Rich: It creates this layer of weirdness on your mouth that stays there for like six hours.

Paul: It’s really bad. Drug store food is really bad, and then the layer down from drug store food —

Rich: —is 99 cent food.

Paul: Yeah.

Rich: Drinks.

Paul: Lemon cookies, and —

Rich: Oh, lemon cookies, yep.

Paul: Oh, the drinks, that’s true, or the off-brand, but same soda, but it’s from another country.

Rich: Yeah.

Paul: Like Indonesian Diet Coke, this is different. It’s still good, it’s just different.

Rich: We’re sounding a little elitist right now.

Paul: No, it’s just like, stuff comes off a boat at weird times. New York City is also, when people are listening to this, stuff falls off the boat into stores in New York City.

Rich: Yeah.

Paul: And so like most of the batteries I own are Chinese.

Rich: That’s bad?

Paul: No. I mean, they just come in. When you buy batteries at the store —

Rich: Yeah.

Paul: —for your kid’s toy, or whatever.

Rich: Yeah, it’s junk.

Paul: You realize they’re … No, not even junk, they’re just Chinese batteries. They’re still Duracell.

Rich: Oh, oh, oh, I see.

Paul: They’re from the Chinese market.

Rich: Right, right, right, right.

Paul: Well look, wish.com.

Rich: I mean, visit wish.com. First off, we’re giving it hell, but every everyone should go check it out.

Paul: Do you feel this is the future of commerce?

Rich: No, no. It’s just this junk store, where you get to hang out for a little bit.

Paul: All right, but this is the thing. The like totally decentralized, they own all the relationships, but don’t have any inventory.

Rich: I think Wish is going to go the way … I’m going to go on a limb here. They are going to go the way of Groupon. It’s going to be faddish.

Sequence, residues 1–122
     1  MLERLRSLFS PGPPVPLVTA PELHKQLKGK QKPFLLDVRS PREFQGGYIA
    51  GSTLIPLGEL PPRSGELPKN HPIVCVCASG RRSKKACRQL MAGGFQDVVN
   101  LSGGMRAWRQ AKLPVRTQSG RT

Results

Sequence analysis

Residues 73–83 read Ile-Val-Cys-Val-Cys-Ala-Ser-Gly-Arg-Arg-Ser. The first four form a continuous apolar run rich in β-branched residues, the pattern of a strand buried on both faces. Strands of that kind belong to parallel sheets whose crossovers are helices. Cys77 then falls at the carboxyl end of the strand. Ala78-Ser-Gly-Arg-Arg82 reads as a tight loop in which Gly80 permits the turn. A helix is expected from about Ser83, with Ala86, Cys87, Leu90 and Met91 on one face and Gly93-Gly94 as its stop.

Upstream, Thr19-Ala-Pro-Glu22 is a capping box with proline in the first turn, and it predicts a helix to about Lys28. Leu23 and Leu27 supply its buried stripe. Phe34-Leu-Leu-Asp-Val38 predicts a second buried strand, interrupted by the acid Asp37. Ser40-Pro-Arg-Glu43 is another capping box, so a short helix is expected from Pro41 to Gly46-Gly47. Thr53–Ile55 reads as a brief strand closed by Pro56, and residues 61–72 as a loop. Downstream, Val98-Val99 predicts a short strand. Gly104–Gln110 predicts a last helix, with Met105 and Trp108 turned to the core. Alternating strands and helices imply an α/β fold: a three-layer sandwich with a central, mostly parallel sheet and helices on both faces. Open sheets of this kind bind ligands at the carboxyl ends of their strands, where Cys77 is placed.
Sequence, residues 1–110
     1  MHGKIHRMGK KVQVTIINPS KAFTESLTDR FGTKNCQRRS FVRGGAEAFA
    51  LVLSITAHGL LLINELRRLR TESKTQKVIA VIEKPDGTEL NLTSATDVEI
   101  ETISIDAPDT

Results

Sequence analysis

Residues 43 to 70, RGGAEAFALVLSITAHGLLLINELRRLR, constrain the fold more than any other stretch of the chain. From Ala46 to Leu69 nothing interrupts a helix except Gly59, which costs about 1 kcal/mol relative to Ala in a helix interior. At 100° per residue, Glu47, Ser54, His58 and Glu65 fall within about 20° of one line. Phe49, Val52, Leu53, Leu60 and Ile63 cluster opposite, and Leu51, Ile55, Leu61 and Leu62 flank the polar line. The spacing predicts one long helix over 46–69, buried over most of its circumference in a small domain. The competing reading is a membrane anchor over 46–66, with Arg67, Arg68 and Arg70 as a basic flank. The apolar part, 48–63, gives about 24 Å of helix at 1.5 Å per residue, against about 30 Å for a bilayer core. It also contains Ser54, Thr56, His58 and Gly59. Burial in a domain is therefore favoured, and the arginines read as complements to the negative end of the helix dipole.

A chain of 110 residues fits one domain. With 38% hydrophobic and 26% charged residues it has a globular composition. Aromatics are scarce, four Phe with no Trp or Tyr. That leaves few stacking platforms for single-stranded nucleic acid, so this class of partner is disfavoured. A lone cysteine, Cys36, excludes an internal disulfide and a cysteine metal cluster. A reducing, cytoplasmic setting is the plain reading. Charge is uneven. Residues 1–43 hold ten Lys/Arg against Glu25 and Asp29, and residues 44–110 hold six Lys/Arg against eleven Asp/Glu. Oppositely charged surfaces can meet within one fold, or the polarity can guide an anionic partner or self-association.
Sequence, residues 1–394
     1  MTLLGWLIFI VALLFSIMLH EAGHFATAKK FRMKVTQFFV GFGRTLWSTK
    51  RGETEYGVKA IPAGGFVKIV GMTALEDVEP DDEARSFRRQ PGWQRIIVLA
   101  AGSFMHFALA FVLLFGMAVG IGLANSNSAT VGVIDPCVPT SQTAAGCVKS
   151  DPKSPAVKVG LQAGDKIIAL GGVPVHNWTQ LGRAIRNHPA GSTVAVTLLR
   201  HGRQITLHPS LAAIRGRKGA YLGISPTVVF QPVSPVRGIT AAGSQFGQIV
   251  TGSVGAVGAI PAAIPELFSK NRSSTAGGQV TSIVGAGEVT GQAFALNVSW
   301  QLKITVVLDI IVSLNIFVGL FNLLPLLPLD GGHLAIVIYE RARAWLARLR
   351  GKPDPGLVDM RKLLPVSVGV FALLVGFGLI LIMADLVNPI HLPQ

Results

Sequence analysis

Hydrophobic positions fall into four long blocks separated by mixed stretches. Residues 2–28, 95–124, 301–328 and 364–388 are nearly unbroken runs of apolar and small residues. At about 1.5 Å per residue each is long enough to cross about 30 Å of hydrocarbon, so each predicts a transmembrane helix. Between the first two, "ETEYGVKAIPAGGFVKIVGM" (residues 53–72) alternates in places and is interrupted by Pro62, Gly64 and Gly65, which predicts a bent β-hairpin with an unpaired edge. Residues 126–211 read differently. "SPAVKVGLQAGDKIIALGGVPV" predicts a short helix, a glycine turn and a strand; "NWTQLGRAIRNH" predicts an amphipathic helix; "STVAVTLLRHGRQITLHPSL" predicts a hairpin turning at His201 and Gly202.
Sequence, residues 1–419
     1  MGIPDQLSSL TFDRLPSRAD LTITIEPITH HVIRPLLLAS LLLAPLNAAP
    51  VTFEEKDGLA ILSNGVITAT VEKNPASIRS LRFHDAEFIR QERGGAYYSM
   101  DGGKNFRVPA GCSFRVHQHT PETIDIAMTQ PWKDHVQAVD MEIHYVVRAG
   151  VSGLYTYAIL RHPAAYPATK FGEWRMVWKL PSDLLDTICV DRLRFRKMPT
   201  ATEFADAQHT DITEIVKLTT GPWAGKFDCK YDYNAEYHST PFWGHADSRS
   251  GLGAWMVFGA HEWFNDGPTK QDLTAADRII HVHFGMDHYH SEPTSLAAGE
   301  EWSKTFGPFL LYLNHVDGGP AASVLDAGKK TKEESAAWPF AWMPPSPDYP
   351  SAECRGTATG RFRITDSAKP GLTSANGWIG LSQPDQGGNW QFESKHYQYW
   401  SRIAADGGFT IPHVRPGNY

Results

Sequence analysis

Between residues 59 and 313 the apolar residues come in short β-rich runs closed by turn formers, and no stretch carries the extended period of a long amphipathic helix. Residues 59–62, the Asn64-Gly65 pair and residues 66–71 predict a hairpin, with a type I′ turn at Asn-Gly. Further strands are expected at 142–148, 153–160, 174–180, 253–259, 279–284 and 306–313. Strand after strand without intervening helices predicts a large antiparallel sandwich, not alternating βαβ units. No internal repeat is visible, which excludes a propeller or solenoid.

Paul: Ahhhh.

Rich: That’s my sense. Because you don’t need it. You never bought anything you actually needed on Groupon, so they’re not really building a relationship with the customer.

Paul: Is that what happened with Groupon? It was so big. It was so hot. It was $6 billion. They —

Rich: How many frickin’ massages are you going to buy, because it’s $40?

Paul: Well, that’s a good point. None.

Rich: Right. You do it because you’re like, “Wow that’s a deal. I want in on a deal.” Eventually it’s just, “OK enough. I got the high.”

Paul: Yeah, you don’t really get those stories any more about how the horrible Groupon people descended and destroyed a business.

Rich: Yeah, it’s over.

Paul: Yeah.

Rich: Anyway, go check it out.

Paul: Well Rich, we did it.

Rich: We did.

Paul: We got through The Podcast.

Rich: Yes.

Paul: And our listeners got through it with us.

Rich: They sure did. Thank you for listening.

Paul: We’re all in a family now.

Rich: We are appreciating, I have to say, the feedback we’re getting and the audience that’s showing up on Twitter, and in emails, it’s great.

Paul: Yeah, we’re learning as we go.

Rich: We are.

Paul: We really are.

Rich: We’re honing.

Paul: We’re stumbling around a little bit in the dark, but we’re starting to get better here and there.

Rich: Yep, yep.

Paul: So the web —

Rich: The web’s going to be fine.

Paul: OK, that’s good, that’s a big relief for me, because I just started a web company. [laughter] Should we do this again in the future?

Rich: I think we should.

Paul: All right. Well you know what, so we’ll be back. If it strikes you as you go about your daily business, to go on iTunes and give us a 5 star rating, and a good review, go ahead and do that, and we will be forever in your debt, and eternally grateful.

Rich: And if you’ve got questions —

Paul: Send them to:

Rich: [email protected].

Paul: That’s the one email address you need for all of your digital needs. Goes straight to Rich Ziade and Paul Ford. This is Track Changes, America’s best podcast.

Rich: Winning.

Paul: Can’t wait to get back in here next week and talk more about something related to technology.

Rich: Yes.

Paul: OK, let’s go back to work.

Rich: Be good. Take care everyone.

Paul: We’ve got a bunch of meetings. Bye!